Quantum scale double slit experiment and its implications

The results of the world’s smallest double slit experiment are in. The experiment itself, is one of the basic proofs of the wave nature of light and of matter (deBroglie waves). The question this experiment was raising is what happens to the wave nature of an electron when it is probed at the very smallest level? Is it still there? Or does a particle nature start to dominate – so that we can think of wave-nature as only a macroscopically observed phenomenon?

From the write-up:

“The wave nature of the electron means that in a double slit experiment even a single electron is capable of interfering with itself. Double slit experiments with photoionized hydrogen molecules at first showed only the self-interference patterns of the fast electrons, their waves bouncing off both protons, with little action from the slow electrons.

‘From these patterns, it might look like the slow electron is not important, that double photoionization is pretty unspectacular,’ says Weber. The fast electrons’ energies were 185 to 190 eV (electron volts), while the slow electrons had energies of 5 eV or less. But what happens if the slow electron is given just a bit more energy, say somewhere between 5 and 25 eV? As Weber puts it, ‘What if we make the slow electron a little more active? What if we turn it into an ‘observer?”

As long as both electrons are isolated from their surroundings, quantum coherence prevails, as revealed by the fast electron’s wavelike interference pattern. But this interference pattern disappears when the slow electron is made into an observer of the fast one, a stand-in for the larger environment: the quantum system of the fast electron now interacts with the wider world (e.g., its next neighboring particle, the slow electron) and begins to decohere. The system has entered the realm of classical physics.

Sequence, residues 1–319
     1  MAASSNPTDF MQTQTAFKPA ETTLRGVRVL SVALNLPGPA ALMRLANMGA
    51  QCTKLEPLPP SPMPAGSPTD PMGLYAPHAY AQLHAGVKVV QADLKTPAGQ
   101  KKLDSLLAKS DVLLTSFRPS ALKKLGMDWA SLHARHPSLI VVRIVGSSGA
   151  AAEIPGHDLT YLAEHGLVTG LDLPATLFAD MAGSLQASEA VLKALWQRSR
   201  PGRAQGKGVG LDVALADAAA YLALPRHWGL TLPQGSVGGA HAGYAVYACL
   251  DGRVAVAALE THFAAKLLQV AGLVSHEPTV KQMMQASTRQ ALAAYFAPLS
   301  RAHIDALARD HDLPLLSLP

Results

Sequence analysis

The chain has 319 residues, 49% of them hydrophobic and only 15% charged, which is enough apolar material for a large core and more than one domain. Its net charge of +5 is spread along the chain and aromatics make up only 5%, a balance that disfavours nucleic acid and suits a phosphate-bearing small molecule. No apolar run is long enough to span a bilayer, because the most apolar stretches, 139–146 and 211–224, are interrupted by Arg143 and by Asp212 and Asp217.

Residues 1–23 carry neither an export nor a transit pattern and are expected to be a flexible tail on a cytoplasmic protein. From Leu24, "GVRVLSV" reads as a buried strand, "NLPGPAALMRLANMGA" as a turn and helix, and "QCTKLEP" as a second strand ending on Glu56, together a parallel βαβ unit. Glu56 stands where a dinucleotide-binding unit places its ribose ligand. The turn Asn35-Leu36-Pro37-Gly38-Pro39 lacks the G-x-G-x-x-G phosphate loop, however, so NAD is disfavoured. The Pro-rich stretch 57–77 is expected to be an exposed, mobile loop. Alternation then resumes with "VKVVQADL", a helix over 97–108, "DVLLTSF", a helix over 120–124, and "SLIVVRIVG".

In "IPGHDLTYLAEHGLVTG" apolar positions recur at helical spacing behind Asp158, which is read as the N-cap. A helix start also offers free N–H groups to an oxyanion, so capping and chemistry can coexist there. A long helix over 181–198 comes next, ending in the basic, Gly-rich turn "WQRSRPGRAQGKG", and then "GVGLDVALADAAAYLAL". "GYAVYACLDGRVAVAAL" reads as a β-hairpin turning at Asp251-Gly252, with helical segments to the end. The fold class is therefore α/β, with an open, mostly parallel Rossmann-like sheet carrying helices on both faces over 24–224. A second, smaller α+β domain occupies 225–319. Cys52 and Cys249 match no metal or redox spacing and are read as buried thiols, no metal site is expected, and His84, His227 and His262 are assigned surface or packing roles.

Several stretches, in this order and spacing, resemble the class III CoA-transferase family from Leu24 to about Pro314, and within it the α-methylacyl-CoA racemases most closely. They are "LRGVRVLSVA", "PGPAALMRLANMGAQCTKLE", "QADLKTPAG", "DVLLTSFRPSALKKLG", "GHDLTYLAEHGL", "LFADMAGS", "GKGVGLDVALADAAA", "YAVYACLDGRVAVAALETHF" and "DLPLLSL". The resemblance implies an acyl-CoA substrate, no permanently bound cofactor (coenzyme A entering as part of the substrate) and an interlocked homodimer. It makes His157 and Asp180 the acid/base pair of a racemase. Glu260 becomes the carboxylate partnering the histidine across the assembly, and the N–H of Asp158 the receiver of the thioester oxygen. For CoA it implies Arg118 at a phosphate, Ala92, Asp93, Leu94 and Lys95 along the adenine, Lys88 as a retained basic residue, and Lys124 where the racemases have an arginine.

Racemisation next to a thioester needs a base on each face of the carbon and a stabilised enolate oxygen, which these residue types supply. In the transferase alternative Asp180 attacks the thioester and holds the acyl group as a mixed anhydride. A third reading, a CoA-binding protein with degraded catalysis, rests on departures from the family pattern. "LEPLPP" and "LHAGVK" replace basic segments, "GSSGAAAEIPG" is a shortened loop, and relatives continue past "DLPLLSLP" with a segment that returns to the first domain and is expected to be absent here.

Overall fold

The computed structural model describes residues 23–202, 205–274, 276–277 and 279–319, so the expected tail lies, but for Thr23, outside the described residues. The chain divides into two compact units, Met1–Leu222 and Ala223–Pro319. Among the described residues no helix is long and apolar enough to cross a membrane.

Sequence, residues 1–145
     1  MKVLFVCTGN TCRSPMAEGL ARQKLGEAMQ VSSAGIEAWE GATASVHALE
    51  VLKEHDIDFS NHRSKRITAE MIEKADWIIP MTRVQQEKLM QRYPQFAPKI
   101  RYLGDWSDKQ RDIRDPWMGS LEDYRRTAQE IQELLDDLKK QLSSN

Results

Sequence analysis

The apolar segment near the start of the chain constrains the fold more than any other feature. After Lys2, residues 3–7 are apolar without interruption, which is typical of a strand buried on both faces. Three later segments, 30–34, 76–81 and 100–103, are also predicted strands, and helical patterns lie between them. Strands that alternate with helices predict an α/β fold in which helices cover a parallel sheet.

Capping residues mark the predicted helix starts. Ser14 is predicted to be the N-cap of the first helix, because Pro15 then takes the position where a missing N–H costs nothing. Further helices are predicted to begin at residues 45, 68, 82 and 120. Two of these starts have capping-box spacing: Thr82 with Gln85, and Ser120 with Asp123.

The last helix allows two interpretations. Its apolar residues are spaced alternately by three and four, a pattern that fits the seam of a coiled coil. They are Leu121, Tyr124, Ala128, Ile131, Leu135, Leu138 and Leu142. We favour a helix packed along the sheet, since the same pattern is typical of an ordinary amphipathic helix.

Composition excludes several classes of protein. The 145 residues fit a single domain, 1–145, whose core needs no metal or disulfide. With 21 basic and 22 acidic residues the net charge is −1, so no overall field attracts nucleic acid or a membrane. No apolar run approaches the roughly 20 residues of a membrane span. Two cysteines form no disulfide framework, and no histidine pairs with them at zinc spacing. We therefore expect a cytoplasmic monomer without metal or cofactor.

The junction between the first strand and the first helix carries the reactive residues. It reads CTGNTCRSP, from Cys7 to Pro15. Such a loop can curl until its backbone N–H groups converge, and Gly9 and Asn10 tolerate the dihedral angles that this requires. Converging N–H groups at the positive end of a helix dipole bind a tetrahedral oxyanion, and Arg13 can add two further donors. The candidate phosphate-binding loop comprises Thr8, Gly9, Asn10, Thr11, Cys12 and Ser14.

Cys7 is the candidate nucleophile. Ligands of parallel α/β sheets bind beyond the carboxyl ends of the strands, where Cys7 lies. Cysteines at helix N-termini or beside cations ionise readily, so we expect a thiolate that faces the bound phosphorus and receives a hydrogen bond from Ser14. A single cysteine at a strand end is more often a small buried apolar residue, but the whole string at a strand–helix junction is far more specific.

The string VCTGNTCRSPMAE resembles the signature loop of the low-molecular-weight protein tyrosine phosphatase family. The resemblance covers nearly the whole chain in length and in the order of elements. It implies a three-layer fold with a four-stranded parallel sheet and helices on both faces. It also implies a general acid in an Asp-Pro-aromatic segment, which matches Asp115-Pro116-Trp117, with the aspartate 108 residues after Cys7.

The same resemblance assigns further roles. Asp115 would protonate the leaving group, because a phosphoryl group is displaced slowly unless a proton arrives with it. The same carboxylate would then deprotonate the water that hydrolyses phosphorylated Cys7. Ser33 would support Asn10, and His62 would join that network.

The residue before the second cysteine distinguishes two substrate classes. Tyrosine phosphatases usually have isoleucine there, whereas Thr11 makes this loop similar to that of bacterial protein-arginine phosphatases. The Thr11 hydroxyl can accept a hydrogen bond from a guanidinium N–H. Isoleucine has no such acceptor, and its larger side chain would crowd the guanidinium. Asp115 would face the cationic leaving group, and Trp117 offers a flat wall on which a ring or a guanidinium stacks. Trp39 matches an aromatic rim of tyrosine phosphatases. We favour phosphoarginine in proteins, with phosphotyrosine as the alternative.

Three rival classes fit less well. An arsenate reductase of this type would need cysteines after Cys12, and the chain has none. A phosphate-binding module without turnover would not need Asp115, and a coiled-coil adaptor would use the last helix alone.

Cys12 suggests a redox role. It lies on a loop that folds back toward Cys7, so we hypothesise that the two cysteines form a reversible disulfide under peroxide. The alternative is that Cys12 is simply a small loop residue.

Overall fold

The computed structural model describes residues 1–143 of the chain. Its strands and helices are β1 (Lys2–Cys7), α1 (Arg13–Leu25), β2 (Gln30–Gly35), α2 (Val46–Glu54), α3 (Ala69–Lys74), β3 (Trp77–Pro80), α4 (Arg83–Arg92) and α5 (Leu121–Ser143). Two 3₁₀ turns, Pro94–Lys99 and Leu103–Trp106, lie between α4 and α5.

Not completely, however. And here is what Belkacem calls ‘the meat of the experiment’: ‘Even when the interference pattern has disappeared, we can see that coherence is still there, hidden in the entanglement between the two electrons.’ (emp. added)

Although one electron has become entangled with its environment, the two electrons are still entangled with each other in a way that allows interference between them to be reconstructed, simply by graphing their correlated momenta from the angles at which the electrons were ejected. Two waveforms appear in the graph, either of which can be projected to show an interference pattern. But the two waveforms are out of phase with each other: viewed simultaneously, interference vanishes.

If the two-electron system is split into its subsytems and one (the ‘observer’) is thought of as the environment of the other, it becomes evident that classical properties such as loss of coherence can emerge even when only four particles (two electrons, two protons) are involved. Yet because the two electron subsystems are entangled in a tractable way, their quantum coherence can be reconstructed. What Weber calls ‘the which-way information exchanged between the particles’ persists.”

Read the rest here.

Or in the words of the Matrix, “There is no spoon.”

Author: Nick Knisely

Episcopal bishop, dad, astronomer, erstwhile dancer...